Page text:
Dungeon-crawlers really do feel at home on the Nintendo Switch. You can boot up, explore a bit, grab some loot, fight some enemies, and then power down to go back to your endlessly grim office job or however else you spend a Wednesday. Unexplored originally released on Steam back at the start of 2017, but developer Ludomotion have kindly saw fit to bring some dungeon-crawling roguelite goodness to Nintendo’s little machine in the form of Unexplored: Unlocked Edition, which brings three DLC packs to the party. So, how does it hold up?
Rather well, as it turns out. You play some hairy one-eyed lad who wanders into the alluringly named Dungeon of Doom in search of magical and mythical mcguffin called the Amulet of Yendor. You get in, turn the place upside down, slay anything that looks at you funny, grab the Amulet, and get out. It isn’t exactly the most complex set up in the world but it does the job in explaining why we’re here and what we’re doing.
With your player character, whose name and appearance can either be randomised or specifically chosen by the player, you traverse through the depths of the Dungeon from a top-down perspective. As you explore and map each area, you’ll encounter formidable enemies, challenging puzzles, and environmental hazards such as poison gas. Oh, and plenty of weapons, magic, and gear.
There is an absolutely crazy amount of stuff to find in Unexplored, and the game’s economy revolves around one thing: loot. Enemies drop loot, chests have loot, boxes have loot, big jars have loot, and sometimes you’ll even just find loot lying on the ground because it couldn’t be bothered hiding. Loot ranges in type from gold to weapons, and from mysterious potions to unidentified spells. Throw in a number of different scrolls and ancient texts to flesh out the world and you’ll be increasingly glad that your character brought an irresponsibly large backpack to the Dungeon of Doom.
The mystery of some of the items is a point worth highlighting, actually, as it adds an extra dimension to the exploration. As you explore the Dungeon, you’ll encounter magic scrolls and elixirs with unknown effects. The game explains that you are more than welcome to find out the effect by using the item, but there is no guarantee that the effect will be, well, good. This creates an intriguing dilemma as the player is forced to decide whether or not to gamble on popping a scroll to try and gain the upper hand against a boss when there is also the chance that the spell might explode your head. Tread lightly, in other words.
The sheer number and variety of things to discover adds a distinct element of replayability to the game, which is reinforced by the random nature of the levels. Each level of the Dungeon is procedurally generated, ensuring that there is enough variation that no two runs are the same. If there’s a problem with this, and I’m afraid that there is a bit of a problem, it’s that the game doesn’t handle this random generation particularly well in the performance department. For starters, each level is huge, which puts a strain on the loading times from the get go, but the game will continue to load the Dungeon as you explore each level, sometimes freezing for multiple seconds while it’s at it.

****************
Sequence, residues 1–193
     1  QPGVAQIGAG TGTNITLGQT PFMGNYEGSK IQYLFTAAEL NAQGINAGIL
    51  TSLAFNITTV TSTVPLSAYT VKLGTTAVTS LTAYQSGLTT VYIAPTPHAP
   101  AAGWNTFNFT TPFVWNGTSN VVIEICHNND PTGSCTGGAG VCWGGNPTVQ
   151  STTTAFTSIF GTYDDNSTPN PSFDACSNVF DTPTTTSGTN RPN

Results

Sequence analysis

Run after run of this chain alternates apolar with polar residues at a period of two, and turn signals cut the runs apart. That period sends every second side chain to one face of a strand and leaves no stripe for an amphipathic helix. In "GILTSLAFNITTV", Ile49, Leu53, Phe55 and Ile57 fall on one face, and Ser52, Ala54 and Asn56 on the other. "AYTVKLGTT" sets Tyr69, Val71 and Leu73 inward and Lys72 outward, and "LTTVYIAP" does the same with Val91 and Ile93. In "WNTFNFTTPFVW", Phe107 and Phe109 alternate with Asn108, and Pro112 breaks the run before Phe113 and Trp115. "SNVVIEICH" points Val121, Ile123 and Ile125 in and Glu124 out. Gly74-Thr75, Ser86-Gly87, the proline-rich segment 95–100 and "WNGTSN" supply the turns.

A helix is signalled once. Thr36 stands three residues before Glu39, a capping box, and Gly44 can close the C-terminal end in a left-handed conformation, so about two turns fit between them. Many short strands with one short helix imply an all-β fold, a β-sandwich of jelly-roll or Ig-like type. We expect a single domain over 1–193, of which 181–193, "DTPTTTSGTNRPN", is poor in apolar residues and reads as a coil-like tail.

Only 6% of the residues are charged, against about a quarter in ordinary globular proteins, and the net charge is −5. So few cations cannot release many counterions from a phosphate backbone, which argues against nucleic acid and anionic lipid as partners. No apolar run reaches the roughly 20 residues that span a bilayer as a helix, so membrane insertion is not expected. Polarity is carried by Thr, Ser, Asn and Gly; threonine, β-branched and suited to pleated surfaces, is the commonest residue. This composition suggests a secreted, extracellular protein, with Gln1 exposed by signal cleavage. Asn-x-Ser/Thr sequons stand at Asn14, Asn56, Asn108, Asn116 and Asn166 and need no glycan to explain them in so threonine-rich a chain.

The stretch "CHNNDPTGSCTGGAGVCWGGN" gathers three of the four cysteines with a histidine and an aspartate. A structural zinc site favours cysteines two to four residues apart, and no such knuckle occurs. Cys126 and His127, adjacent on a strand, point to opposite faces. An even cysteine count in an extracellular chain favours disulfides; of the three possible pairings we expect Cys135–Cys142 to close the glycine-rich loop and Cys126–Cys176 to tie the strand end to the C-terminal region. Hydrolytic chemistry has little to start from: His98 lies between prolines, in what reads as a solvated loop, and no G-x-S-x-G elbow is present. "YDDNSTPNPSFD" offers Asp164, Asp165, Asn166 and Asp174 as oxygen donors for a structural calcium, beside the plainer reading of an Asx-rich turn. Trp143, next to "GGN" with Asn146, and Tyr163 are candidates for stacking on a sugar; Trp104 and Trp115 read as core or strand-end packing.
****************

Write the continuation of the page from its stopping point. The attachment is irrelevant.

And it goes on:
As well as interrupting the action to perform what should be a background task, these pauses last just long enough to feel like the game is going to die entirely. Unexplored just doesn’t run as smoothly as it should, and it definitely doesn’t seem to be graphically demanding or processor heavy enough to justify these issues.
The problem with Unexplored is that it’s a little difficult to recommend. Aside from a few performance issues, there’s absolutely nothing wrong with it, and it’s certainly worth your time as an introduction to the roguelite dungeon-crawler genre. That being said, if you aren’t a genre newcomer, then you may have already seen everything that Unexplored has to offer. Games like Spelunky and The Binding of Isaac execute arguably everything more competently, and are definitely hard to look past when it comes to handing out recommendations.
Unexplored is incredibly tightly designed. The puzzles are well crafted and fit nicely into the flow of the game without ever derailing the pacing, and the combat does a lot to make the game feel alive and populated, however temporarily. The exploration, as the title might suggest, is what makes the game worth some time. The loading issues are a bit of a blow, as is the niggling feeling that we’ve seen all this before, maybe even better in some cases, but Unexplored is still able to stand tall and dig deep.
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As solid as Unexplored is in its core concept, the performance issues do represent a bit of an issue. Still, it’s certainly very much worth your time if you like a good bit of exploration, and especially so if you haven’t played a lot of roguelites.
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